Effects of Sodium-Glucose Cotransporter 2 Inhibitors on Metabolic Parameters in Patients With Type 2 Diabetes: A Chart-Based Analysis

Hisayuki Katsuyama, Hidetaka Hamasaki, Hiroki Adachi, Sumie Moriyama, Akiko Kawaguchi, Akahito Sako, Shuichi Mishima, Hidekatsu Yanai

Abstract


Background: Effects of the new class of anti-diabetic drugs, sodium-glucose cotransporter 2 (SGLT2) inhibitors, on metabolic parameters in patients with type 2 diabetes remain largely unknown.

Methods: We retrospectively picked up patients who had been continuously prescribed SGLT2 inhibitors for 1 month or more between April 2014 and November 2015 by a chart-based analysis, and compared the data before the SGLT2 inhibitor treatment with the data at 1, 2, 3 and 6 months after the SGLLT2 inhibitor treatment started.

Results: Fifty patients were eligible for the analyses in our study. The HbA1c levels as well as body weight significantly decreased at 1, 2, 3 and 6 months after the start of SGLT2 inhibitors. Systolic blood pressure tended to decrease only at 1 and 2 months, but there was no change at 3 and 6 months. No significant change was observed in serum high-density lipoprotein-cholesterol (HDL-C), triglyceride (TG), low-density lipoprotein-cholesterol (LDL-C) and non-HDL-C levels. Serum aspartate aminotransferase (AST) and alanine aminotransferase (ALT) levels significantly decreased at 3 and 6 months after the prescription. The hematocrit levels significantly increased at 1, 2, 3 and 6 months, and the estimated glomerular filtration rate (eGFR) levels significantly decreased at 1 month after the start of SGLT2 inhibitors. A significant correlation between reductions in HbA1c levels and HbA1c levels at baseline was observed at 1, 3 and 6 months. The decreases in serum ALT levels were also significantly correlated with the baseline ALT levels at 3 and 6 months.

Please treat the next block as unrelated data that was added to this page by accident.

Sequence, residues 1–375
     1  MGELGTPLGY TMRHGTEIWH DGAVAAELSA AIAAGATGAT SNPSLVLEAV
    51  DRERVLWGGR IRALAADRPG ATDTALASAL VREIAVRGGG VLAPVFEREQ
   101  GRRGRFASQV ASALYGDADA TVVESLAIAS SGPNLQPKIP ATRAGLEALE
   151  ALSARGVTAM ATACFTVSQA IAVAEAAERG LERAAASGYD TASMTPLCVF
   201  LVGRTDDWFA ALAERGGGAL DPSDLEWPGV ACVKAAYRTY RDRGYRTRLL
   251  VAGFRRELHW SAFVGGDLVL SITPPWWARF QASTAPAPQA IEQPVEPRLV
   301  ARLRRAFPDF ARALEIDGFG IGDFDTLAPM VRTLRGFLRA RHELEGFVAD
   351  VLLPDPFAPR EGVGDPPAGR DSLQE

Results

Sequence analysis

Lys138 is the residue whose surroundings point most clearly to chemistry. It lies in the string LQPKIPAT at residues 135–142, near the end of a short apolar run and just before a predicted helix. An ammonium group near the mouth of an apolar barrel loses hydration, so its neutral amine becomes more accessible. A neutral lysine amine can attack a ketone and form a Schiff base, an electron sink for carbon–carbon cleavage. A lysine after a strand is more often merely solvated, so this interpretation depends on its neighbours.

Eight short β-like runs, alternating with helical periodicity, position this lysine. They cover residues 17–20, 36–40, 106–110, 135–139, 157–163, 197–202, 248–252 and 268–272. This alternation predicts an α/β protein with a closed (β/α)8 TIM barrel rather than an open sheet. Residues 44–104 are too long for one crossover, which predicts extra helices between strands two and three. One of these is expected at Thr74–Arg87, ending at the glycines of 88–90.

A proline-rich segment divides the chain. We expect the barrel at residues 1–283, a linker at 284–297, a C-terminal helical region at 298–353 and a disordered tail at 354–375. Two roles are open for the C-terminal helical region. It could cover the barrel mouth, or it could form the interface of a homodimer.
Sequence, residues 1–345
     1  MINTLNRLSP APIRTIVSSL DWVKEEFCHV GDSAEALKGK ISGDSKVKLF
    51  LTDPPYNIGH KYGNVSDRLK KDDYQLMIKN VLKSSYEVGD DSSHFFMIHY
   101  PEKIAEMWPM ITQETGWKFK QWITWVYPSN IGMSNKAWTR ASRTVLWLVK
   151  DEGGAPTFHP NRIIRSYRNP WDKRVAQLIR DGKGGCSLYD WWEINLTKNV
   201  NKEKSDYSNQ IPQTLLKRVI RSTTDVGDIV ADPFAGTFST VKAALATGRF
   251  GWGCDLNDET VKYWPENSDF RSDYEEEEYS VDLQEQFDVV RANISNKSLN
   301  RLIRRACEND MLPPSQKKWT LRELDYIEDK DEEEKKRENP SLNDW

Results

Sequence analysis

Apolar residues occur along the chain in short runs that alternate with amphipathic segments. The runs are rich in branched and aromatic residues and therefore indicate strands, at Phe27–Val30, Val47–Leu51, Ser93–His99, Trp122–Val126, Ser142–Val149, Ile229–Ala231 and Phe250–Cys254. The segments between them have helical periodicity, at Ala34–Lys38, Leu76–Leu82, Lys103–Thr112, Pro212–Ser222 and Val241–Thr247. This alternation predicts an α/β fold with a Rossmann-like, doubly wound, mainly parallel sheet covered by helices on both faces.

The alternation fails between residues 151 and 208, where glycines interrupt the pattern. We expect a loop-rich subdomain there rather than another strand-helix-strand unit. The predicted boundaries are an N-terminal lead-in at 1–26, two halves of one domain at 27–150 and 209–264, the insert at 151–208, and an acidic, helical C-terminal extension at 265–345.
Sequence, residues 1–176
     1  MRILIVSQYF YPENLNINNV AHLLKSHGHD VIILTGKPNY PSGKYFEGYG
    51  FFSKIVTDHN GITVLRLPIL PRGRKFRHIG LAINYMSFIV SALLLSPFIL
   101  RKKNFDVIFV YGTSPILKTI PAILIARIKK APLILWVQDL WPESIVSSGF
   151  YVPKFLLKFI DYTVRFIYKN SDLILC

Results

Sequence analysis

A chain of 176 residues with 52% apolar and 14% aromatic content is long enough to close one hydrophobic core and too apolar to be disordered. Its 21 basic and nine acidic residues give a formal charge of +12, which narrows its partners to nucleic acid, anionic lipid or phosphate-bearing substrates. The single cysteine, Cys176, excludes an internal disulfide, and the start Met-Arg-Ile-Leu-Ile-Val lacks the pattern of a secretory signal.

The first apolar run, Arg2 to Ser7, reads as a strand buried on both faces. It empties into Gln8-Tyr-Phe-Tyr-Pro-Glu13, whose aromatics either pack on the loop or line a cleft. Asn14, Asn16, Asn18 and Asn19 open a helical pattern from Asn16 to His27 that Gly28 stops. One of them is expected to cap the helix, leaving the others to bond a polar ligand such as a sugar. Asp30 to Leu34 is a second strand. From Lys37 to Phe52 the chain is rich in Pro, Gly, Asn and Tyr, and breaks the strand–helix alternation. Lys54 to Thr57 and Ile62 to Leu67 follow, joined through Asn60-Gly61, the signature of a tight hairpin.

Conclusion: Present study demonstrated that SGLT2 inhibitors significantly reduced HbA1c and body weight and improved liver functions, whereas no significant change was observed in serum lipid profiles.




J Clin Med Res. 2016;8(3):237-243
doi: http://dx.doi.org/10.14740/jocmr2467w


Keywords


Body weight; HbA1c; Liver function; Sodium-glucose cotransporter 2 inhibitor

Full Text: HTML PDF

 

 

 

 

Browse  Journals  

 

Journal of clinical Medicine Research

Journal of Endocrinology and Metabolism

Journal of Clinical Gynecology and Obstetrics

 

World Journal of Oncology

Gastroenterology Research

Journal of Hematology

 

Journal of Medical Cases

Journal of Current Surgery

Clinical Infection and Immunity

 

Cardiology Research

World Journal of Nephrology and Urology

Cellular and Molecular Medicine Research

 

Journal of Neurology Research

International Journal of Clinical Pediatrics

 

 
       
 

Journal of Clinical Medicine Research, monthly, ISSN 1918-3003 (print), 1918-3011 (online), published by Elmer Press Inc.                 
The content of this site is intended for health care professionals.
This is an open-access journal distributed under the terms of the Creative Commons Attribution-NonCommercial 4.0 International License, which permits unrestricted
non-commercial use, distribution, and reproduction in any medium, provided the original work is properly cited.
Creative Commons Attribution license (Attribution-NonCommercial 4.0 International CC-BY-NC 4.0)


This journal follows the International Committee of Medical Journal Editors (ICMJE) recommendations for manuscripts submitted to biomedical journals,
the Committee on Publication Ethics (COPE) guidelines, and the Principles of Transparency and Best Practice in Scholarly Publishing.

website: www.jocmr.org   editorial contact: editor@jocmr.org
Address: 9225 Leslie Street, Suite 201, Richmond Hill, Ontario, L4B 3H6, Canada

© Elmer Press Inc. All Rights Reserved.